As you may or may not know, yesterday was Bastille Day, celebrated around the world with the commemorative listening-to of the Rush song of the same name.

And, in honor of the storming of the Bastille, here are six of the best French people in genre fiction. If you don’t agree, feel free to tweet at me or add a comment.

6. Gregoire de Fronsac — Hey, remember when Crouching Tiger, Hidden Dragon was so popular that everyone and their mother was trying to make a wirework martial arts film? Well, Canal+ gave us their take on it with Brotherhood of the Wolf, a 2001 film about de Fronsac, the royal naturalist, and his Iroquois companion Mani, who are called in to take on the legendary Beast of Gevaudan in 1765. Mixing swordplay and martial arts, as well as some detective work, this is a fun horror-fantasy film that brings us a character we’d like to have in the world today.

de Fronsac and Mani

de Fronsac and Mani

5. Erik — Speaking of horror, how about Gaston Leroux’s original masked angel of music, the Phantom of the Opera? Erik has been portrayed by many — most famously on stage by Michael Crawford and in film by Gerard Butler — and the character himself is a staple of the horror mythos: black dress, white mask, scarred face; a recluse living in the basements and sewers but only wanting love and happiness (and music). There’s probably some Hunchback of Notre Dame in here*, but I prefer the Phantom.

Emmy Rossum and Gerard Butler

Emmy Rossum and Gerard Butler

4. Amanda Darieux — I thought about putting Inspector Clouseau here, but the list was already pretty heavy with men and anyway I really liked the Highlander series. Amanda was born into poverty in 820s Normandy, and clawed her way to the top of her game by the late 20th century. A perennial lover and foil to MacLeod, the star of the show, her episodes were often humorous; even though she didn’t always get what she wanted, she still managed to come out clean and continue the game. Eventually Amanda got her own spin-off, but the show only lasted a season and wasn’t that great. The bloom was off the Highlander rose by then.


3. The Coneheads — “We are from France!” Though your kids might only know them as the weird-headed people from the State Farm commercials (which, not gonna lie, are pretty funny), Dan Ackroyd and Jane Curtin pioneered the 1970s SNL sketch about cone-headed aliens stranded on Earth and just trying to fit in. There was a film in the 90s, too, and I rather enjoyed it. Part of the fun of the Coneheads is that everyone knows people from France look just like people from anywhere else, but the writers make it work. Also, the Coneheads brought us such phrases as “consume mass quantities”, which really needs a resurgence.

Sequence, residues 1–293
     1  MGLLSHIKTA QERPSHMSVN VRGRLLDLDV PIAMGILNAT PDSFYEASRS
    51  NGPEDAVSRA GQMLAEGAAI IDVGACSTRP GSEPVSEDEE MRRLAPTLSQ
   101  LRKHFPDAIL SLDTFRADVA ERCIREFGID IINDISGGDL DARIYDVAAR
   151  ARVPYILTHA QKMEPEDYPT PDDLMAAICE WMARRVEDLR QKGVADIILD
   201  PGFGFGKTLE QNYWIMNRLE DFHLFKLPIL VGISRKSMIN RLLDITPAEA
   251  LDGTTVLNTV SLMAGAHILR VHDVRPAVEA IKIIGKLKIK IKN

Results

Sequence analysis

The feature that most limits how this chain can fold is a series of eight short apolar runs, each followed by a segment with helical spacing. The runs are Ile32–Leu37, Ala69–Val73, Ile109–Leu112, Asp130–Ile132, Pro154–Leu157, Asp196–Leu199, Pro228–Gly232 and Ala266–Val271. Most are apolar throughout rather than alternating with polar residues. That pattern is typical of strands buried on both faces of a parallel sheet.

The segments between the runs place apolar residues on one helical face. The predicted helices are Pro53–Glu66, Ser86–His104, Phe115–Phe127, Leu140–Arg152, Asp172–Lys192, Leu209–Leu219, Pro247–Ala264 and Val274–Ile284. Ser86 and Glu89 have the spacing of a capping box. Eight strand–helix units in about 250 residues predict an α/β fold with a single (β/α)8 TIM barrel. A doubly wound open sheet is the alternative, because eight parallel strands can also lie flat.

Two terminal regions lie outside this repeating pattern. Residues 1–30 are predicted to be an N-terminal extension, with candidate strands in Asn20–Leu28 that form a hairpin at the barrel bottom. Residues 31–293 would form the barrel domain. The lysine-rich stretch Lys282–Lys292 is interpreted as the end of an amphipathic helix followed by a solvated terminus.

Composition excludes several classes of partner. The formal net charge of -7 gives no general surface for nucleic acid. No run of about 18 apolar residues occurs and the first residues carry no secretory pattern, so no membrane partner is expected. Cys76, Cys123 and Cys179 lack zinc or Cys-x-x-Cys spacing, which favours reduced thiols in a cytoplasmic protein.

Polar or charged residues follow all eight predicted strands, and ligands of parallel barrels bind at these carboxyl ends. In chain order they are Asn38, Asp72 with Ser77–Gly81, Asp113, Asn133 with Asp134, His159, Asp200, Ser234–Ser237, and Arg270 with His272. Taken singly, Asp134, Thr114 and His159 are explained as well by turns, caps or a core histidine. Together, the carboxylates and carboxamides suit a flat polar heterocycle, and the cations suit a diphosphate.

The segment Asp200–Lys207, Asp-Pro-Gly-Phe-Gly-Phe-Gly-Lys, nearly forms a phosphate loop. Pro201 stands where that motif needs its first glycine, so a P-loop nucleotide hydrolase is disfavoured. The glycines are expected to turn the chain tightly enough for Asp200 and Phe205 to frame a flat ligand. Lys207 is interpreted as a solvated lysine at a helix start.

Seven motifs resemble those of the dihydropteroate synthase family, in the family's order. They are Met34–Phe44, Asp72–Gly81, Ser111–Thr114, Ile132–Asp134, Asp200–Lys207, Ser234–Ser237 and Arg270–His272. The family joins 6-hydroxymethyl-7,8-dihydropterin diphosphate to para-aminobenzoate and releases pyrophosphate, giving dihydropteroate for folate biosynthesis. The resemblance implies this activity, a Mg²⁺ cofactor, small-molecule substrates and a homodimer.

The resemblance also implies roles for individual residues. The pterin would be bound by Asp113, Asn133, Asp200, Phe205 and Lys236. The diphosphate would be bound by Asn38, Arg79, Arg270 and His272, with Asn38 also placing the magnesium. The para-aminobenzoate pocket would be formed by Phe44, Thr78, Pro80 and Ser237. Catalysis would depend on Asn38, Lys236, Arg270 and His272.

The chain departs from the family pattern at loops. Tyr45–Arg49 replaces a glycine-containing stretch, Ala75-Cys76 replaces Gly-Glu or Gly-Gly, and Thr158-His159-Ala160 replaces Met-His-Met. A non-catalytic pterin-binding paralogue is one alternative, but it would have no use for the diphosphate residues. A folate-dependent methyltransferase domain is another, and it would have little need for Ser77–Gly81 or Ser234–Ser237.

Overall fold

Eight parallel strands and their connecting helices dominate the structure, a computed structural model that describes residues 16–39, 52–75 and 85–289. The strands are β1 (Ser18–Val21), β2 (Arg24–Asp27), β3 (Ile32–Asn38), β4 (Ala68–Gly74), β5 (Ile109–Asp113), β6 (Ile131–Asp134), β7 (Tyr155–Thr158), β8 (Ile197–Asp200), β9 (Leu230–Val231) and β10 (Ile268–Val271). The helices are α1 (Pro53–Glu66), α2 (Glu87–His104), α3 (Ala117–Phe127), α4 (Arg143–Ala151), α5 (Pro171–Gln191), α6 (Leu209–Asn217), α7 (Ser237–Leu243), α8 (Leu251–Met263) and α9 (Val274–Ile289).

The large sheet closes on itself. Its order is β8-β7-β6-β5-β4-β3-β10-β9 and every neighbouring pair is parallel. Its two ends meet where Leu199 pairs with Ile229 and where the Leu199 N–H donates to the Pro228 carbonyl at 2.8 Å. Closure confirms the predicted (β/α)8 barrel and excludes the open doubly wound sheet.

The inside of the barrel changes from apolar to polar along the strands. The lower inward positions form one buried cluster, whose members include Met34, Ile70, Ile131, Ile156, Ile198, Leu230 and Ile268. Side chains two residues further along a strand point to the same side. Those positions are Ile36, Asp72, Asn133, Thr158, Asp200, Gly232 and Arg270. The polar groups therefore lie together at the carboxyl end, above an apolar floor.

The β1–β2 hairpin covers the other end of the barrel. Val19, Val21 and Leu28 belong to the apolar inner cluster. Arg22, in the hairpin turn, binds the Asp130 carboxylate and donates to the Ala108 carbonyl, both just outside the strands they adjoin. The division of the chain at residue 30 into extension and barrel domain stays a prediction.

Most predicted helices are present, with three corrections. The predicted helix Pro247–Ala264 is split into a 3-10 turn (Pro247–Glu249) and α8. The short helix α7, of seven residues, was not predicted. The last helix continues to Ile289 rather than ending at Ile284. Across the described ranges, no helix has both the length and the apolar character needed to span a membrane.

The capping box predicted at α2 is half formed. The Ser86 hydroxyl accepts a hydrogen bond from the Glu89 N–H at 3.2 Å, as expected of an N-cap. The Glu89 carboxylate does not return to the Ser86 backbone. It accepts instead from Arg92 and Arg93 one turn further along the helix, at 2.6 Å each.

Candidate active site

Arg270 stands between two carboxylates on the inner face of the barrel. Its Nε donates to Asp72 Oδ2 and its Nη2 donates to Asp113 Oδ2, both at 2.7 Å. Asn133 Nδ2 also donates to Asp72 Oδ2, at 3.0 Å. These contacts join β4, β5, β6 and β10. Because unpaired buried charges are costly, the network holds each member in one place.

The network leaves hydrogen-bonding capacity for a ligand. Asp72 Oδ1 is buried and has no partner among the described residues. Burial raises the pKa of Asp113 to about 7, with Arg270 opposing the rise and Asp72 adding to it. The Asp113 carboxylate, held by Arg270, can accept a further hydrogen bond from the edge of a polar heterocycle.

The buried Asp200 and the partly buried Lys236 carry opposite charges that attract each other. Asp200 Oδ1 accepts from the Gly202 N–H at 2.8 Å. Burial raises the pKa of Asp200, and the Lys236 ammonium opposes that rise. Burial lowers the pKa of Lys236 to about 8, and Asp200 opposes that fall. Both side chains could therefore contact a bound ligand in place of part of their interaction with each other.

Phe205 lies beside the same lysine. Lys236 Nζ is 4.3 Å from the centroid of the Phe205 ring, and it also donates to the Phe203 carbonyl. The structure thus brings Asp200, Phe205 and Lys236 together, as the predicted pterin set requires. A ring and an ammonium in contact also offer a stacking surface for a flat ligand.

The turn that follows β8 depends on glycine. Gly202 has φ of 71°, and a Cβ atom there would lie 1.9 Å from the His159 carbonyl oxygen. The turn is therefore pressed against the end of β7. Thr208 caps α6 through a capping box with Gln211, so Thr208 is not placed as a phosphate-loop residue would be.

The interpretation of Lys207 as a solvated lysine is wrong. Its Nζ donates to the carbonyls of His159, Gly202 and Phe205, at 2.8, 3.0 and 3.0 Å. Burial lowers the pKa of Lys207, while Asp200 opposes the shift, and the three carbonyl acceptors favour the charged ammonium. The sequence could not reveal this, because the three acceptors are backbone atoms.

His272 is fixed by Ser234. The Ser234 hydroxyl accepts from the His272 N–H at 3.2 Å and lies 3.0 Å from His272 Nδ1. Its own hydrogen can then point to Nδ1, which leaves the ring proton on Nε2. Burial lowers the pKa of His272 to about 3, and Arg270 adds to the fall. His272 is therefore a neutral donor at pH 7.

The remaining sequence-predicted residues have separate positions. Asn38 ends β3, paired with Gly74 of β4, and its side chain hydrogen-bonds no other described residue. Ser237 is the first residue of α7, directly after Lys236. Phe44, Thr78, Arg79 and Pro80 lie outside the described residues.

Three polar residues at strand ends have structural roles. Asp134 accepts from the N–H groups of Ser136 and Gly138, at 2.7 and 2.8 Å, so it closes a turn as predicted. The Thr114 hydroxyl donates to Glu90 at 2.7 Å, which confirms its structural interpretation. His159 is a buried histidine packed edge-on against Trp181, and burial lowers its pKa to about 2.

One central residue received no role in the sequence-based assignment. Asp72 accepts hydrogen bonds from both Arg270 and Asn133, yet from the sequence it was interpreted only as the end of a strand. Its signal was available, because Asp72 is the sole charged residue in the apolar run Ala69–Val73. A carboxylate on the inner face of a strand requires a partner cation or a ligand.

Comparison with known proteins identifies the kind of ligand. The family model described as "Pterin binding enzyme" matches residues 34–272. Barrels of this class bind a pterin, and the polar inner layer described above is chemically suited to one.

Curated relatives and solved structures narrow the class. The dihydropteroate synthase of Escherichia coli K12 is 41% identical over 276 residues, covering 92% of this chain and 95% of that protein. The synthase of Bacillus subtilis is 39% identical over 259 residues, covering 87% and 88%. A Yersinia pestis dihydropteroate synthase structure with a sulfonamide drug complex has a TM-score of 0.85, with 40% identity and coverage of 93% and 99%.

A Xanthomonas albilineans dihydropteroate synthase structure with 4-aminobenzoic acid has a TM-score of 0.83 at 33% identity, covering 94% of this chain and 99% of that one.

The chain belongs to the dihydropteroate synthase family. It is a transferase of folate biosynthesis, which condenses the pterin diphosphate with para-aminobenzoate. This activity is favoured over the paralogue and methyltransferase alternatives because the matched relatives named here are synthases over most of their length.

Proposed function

2. Belle — Belle is generally seen as the nerdy Disney princess: she loves to read more than anything else, she’s quite smart, and she doesn’t fit in. No wonder nerds are drawn to her. While Beauty and the Beast is an older story in general, it’s the Disney version** that sticks in people’s minds. I suppose the songs help. Belle rejects the attentions of the town bully/studly-dude in favor of the recluse who at first imprisons her but really only wants to be loved. I admit, there’s more than a little Stockholm Syndrome in there, as well as some unanswered questions, but there are worse role models than Belle out there.


1. Jean-Luc Picard — Oh, come on, like I would have put anyone else up here. The legendary captain of two Enterprises, Picard prefers to seek out the nonviolent solution but will kick a little ass as needed. He’s firm but fair, and just when you least expect it he’s got a kind word and a smile to go along with the hard lesson you just learned. Picard has gone toe-to-toe with the Q, the Borg, the Klingons, the Romulans, and even the Federation itself (after he lost his first ship, the Stargazer), and although he’s faced adversity and loss from all of these he’s only come out stronger for it. Captain Picard, you are the top French person in genre fiction. Make it so!


Bonus Content!

And how about an honorable mention for Pepe le Pew, who refused to take no for an answer and these days is seen as a sad stalker instead of a funny animated character with an accent?

Dude. She said no.

Got an idea for a future “Six of the Best” column? Tweet it to me @listener42.

* Which I left off because I’ve neither seen nor read it. Not even the Disney version.

** Or the Linda Hamilton / Ron Perlman version.